'Risk' Is the New Four-Letter Word in Ethics

Far better it is to dare mighty things, to win glorious triumphs, even though checkered by failure, than to take rank with those poor spirits who neither enjoy much nor suffer much, because they live in the gray twilight that knows not victory or defeat. -- Theodore Roosevelt

Risk is not a bad word, a bad decision, nor a bad behavior, if it's not based on:
  • Legal decisions, in which paying for mistakes would be cheaper than preventing the problem and jeopardizing time-to-market and/or profit.
  • Actuarial tables indicating the company will likely win more than the customer benefits.
  • Literally gambling everything on a guess.
Every business begins, and continues, based on financial risks, credibility risks and ego risks for the founders, investors, managers, employees and all associated parties.

The founding of America was a huge risk of unknowns, hostilities and adventure.

Every legal immigrant to this country takes a risk of leaving known situations, families and friends.

Any time something is tried, there is an implicit risk of hardship, sacrifice and failure. Conversely there is a potential for success, wealth and reward.

As the assailing of economic risk is on the radars of investors, politicians and executives these days, let us not allow the pendulum to swing so far as to stifle innovation, exploration and experimentation. Let us be mindful that every manufacturing, technological and medical breakthrough began with one step into an unknown time and space and situation.

The U.S. space program began with a dare, or at least a significant challenge.

The Civil Rights movement began with individual and collective passion, and often fatal odds.

Fighting back human oppression, war after war, puts so many people in harms way.

History shows us nothing great was ever accomplished without men and women taking risks -- huge risks. That, however, includes both very good things as well as very bad things: The Khmer Rouge, Idi Amin and subsequent African tribal genocides, Iran's Ahmadinejad and other dictators' reigns have also been the result of passion, determination and risk.

You see at the crux of good risk comes the essential elements of a trustworthy person in pursuit of a noble venture who is unwilling to sacrifice his or her guiding standards and values.

Much of the angst and suspicion being cast on both government oversight/regulatory bodies like Barney Frank's House Financial Services Committee, Chris Dodd's Senate Committee on Banking/Housing and government sponsored enterprises like Fannie Mae ( FNM) and Freddie Mac ( FRE) and alleged Wall Street shenanigans of Goldman Sachs ( GS) and others is just that:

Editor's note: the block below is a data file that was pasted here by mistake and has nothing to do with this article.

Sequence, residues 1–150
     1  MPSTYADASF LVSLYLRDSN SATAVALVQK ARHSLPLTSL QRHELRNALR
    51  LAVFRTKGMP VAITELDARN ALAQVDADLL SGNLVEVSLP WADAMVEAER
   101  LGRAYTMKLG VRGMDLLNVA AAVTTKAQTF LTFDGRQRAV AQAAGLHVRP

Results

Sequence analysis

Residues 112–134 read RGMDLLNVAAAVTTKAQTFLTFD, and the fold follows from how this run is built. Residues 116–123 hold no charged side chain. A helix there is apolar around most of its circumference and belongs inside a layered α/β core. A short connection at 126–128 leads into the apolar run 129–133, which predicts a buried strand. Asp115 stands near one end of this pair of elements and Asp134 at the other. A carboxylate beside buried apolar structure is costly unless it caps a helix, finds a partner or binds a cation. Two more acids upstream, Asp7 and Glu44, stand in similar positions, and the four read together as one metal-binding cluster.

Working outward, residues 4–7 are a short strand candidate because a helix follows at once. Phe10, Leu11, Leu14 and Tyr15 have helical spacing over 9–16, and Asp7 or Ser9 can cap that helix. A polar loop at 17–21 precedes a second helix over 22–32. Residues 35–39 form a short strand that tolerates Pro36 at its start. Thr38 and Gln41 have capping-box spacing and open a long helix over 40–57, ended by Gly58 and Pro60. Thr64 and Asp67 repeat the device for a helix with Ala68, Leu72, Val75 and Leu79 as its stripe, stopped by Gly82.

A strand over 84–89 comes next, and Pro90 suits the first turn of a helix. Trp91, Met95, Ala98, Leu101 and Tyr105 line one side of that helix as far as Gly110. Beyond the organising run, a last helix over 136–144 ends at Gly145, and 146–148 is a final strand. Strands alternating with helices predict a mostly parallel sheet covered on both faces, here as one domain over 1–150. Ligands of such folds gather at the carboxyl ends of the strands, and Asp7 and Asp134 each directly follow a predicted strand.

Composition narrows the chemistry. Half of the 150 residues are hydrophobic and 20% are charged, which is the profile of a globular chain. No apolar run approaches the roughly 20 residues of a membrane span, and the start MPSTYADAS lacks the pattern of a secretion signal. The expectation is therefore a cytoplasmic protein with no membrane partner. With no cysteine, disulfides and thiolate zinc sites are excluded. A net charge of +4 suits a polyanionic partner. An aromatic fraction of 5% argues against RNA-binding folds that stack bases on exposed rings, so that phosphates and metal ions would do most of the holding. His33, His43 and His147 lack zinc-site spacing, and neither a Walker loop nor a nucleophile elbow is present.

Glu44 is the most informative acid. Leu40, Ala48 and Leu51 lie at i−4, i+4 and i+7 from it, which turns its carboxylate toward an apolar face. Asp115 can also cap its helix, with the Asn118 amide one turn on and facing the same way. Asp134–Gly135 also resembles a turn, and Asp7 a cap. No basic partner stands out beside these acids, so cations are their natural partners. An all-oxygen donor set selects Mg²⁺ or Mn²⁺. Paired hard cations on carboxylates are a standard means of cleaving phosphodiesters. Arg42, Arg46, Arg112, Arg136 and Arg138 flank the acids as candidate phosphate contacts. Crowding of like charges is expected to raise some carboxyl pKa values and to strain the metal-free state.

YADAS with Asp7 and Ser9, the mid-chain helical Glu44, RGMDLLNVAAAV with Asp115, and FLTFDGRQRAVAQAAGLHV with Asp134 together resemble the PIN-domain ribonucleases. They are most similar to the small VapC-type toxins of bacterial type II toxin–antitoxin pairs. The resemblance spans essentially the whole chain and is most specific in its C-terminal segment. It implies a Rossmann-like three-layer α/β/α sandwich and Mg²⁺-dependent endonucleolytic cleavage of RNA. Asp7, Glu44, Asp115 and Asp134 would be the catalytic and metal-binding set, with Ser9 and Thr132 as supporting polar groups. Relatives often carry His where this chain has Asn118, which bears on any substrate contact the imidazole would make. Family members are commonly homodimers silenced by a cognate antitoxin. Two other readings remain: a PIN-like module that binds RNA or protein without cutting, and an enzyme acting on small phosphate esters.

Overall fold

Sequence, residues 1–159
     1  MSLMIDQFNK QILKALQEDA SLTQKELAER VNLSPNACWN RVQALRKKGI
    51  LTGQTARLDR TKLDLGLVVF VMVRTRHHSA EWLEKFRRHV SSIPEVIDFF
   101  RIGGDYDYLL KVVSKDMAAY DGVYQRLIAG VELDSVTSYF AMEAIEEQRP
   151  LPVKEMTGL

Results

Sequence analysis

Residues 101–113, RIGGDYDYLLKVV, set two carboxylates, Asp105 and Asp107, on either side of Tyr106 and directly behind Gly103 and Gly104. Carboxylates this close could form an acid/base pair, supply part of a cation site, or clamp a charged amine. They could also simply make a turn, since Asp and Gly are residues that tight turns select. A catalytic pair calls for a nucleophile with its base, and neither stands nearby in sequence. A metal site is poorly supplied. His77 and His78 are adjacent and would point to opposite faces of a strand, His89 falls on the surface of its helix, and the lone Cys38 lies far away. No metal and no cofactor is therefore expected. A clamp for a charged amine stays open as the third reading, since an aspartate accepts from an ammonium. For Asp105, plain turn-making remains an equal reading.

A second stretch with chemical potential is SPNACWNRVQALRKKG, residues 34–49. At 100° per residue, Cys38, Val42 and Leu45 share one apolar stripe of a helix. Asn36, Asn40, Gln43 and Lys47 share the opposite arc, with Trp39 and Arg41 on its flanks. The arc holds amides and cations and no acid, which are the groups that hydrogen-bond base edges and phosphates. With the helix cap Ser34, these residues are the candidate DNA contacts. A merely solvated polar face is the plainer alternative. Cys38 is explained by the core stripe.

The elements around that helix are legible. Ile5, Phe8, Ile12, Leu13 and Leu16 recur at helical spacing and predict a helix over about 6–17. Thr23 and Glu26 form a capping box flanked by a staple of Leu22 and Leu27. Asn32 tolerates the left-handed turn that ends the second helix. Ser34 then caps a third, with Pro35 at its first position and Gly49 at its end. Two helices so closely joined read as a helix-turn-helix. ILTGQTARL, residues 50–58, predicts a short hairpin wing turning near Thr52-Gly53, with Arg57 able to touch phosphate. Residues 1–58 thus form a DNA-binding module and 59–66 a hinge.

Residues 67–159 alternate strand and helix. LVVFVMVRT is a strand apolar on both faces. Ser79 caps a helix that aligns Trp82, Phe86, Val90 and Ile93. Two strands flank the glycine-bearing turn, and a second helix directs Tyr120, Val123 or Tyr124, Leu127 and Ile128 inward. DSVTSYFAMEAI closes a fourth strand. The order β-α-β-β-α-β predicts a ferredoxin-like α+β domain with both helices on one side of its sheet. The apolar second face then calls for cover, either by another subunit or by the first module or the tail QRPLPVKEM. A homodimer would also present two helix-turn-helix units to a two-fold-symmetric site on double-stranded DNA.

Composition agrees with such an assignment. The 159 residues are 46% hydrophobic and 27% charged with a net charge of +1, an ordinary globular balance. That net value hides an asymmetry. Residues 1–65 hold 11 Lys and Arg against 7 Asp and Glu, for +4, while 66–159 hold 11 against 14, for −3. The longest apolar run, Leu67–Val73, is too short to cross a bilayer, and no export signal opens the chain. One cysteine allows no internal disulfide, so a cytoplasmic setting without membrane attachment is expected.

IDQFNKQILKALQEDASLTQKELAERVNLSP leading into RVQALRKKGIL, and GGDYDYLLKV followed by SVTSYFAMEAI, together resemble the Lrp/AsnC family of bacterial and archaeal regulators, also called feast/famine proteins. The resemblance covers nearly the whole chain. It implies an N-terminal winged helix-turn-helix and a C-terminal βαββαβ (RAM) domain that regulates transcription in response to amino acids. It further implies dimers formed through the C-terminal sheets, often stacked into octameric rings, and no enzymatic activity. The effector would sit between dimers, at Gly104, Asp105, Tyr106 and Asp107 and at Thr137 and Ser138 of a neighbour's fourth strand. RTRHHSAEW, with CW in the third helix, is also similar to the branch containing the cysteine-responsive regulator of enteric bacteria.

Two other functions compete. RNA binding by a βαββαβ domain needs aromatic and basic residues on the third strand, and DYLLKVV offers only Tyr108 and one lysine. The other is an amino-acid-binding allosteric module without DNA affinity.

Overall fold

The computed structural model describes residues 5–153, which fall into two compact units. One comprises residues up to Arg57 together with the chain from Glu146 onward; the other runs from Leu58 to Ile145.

"Are these entities being governed, lead and operated by ethically minded people, or get-rich, get-powerful quick con men?"

Another cliche asks, "So who's overseeing the overseers?"

Risk is good, if it is taken based on good values.

Risk is warranted, if it is taken based on solid fact-finding.

Risk is advised, if it is based on critical thinking.

Risk is admirable, if it is based on a passionate desire to improve a situation that will benefit something beyond solely the risk-taker.

Risk should not be gambling or feeling lucky, in the sense of games of chance and wild-odds ventures, especially when common knowledge dictates the house is the likely winner.

We must continue to encourage responsible risk-taking -- especially for the advancement of economies and science -- in the pursuit of benefiting the greater good.

Vince Crew, is founder of REACH Development Services (www.REACHdevelopment.com). He has more than 30 years of Communications and Ethics experience and holds a master of science degree in marketing and communication, with an emphasis on "Leadership and Ethical Decision Making During the Lifecycle of an Organization." Vince is a national media expert on business innovation, strategic growth and leadership. He has been interviewed by Entrepreneur magazine, Fox Business Network, CNN, CNBC and more. Crew is the author of four books, including his latest, Everyday Ethics, Everlasting Consequences.

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